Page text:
Date of Award
Master of Science (MS)
Gait analysis has become a useful tool for clinicians in evaluating the progression of pathologies through functional analysis. The high cost and dedicated laboratories associated with the traditional camera-based motion analysis systems present the need for an alternative system. Direct measurement of kinetic parameters using inertial sensors (gyroscopes and accelerometers), in place of indirect calculations from position data obtained using cameras, has been shown effective in resolving important gait parameters.
In order to directly compare gait parameters obtained using inertial sensors and a camera system, data was simultaneously collected from both systems for seven test subjects during normal gait. Three uni-axial gyroscopes and one tri-axial accelerometer were mounted on each subject's right leg, as well as the reflective markers needed for the camera-based system. Knee flexion angle, angular velocities, and linear and angular accelerations were compared between the two systems.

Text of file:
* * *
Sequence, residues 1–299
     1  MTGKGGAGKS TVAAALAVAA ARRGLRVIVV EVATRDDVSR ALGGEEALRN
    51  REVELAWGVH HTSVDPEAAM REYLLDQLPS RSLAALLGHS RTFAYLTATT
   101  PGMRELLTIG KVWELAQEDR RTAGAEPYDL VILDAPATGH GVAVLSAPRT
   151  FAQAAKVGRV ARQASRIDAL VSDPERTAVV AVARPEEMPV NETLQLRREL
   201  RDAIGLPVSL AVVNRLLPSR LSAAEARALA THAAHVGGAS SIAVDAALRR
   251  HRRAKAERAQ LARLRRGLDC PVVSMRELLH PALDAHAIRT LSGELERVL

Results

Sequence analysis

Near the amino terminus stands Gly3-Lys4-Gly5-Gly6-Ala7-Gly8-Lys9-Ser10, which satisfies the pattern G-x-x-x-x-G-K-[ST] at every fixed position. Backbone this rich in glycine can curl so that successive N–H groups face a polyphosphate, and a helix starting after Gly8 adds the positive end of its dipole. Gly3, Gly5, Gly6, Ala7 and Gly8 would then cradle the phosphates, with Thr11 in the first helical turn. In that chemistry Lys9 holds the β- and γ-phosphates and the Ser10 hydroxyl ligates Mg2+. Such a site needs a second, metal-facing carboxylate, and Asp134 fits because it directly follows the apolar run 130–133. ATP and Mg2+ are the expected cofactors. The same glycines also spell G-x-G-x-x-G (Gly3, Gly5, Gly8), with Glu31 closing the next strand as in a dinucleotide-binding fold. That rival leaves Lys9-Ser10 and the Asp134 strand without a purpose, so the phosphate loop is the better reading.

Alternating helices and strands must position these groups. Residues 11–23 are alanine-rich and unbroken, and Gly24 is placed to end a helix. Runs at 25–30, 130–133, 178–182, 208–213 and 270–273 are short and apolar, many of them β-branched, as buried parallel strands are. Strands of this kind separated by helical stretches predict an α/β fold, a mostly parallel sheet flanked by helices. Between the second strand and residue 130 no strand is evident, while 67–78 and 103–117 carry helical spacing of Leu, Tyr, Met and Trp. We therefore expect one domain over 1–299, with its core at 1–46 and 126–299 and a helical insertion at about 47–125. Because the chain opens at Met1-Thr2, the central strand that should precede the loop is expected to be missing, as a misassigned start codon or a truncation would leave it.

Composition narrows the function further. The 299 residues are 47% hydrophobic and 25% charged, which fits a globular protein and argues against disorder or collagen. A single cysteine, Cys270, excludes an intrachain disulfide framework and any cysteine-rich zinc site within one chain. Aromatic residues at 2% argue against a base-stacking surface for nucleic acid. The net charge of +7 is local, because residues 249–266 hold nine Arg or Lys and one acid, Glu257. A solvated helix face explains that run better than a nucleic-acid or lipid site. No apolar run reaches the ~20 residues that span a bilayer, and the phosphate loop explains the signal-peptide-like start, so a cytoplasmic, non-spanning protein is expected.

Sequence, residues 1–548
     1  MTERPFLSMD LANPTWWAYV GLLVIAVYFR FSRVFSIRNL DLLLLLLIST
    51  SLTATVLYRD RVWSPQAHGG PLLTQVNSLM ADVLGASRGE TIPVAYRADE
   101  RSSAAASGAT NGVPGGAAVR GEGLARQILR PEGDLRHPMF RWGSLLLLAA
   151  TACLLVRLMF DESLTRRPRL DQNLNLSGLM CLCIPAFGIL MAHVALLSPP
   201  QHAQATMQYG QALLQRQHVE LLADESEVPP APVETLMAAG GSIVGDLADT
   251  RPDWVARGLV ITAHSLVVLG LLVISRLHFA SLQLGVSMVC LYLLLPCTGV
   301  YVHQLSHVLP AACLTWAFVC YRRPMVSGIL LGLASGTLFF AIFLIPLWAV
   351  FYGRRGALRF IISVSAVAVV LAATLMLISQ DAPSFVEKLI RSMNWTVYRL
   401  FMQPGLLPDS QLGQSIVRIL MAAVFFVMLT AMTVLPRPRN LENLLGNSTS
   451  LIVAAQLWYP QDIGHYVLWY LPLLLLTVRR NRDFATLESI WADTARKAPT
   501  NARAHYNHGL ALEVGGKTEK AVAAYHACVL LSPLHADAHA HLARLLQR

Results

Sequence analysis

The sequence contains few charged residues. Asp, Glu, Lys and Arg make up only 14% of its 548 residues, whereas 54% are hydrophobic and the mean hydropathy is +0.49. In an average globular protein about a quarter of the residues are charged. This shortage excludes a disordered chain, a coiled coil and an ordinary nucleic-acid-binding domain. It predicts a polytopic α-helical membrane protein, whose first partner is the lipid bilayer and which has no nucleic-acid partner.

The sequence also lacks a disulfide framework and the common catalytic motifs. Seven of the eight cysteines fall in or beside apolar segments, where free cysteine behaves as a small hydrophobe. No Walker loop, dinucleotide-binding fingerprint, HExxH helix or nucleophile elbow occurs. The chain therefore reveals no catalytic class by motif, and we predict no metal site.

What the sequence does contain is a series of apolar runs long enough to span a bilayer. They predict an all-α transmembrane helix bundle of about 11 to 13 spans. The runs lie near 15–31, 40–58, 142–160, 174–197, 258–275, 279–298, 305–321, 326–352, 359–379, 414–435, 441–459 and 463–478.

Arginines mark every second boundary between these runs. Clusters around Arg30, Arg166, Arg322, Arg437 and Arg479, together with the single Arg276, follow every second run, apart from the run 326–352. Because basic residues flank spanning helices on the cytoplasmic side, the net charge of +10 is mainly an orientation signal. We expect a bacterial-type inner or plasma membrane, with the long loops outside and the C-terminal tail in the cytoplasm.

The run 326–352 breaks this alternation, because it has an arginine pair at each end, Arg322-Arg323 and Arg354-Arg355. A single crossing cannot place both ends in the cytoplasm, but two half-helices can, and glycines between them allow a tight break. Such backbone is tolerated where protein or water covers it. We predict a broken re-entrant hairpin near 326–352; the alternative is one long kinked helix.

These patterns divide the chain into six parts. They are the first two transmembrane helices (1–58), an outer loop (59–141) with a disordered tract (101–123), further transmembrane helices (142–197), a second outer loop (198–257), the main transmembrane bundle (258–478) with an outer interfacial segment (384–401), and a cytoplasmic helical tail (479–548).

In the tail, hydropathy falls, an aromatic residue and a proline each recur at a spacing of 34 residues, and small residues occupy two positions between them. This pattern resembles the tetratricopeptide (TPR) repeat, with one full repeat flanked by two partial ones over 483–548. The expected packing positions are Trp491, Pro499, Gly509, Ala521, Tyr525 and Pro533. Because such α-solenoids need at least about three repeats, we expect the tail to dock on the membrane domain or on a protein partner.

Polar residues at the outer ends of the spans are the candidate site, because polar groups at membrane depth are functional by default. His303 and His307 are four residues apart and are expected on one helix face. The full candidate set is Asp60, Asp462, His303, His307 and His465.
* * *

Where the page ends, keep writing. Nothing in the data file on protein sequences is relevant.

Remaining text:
The similarities between the two methods validate the accuracy of the inertial sensor system with respect to the currently accepted camera-based method for some parameters. The errors found when comparing the two systems can be minimized by altering the number of sensitive axes of the sensors, as well as improving the accuracy of their placement. Such an inertial sensor system may provide an alternative that is suitable for use in a clinical setting.
Koslin, Aaron, "Validation of an Inertial Sensor System for Quantifying Knee Function" (2006). All Theses. 8.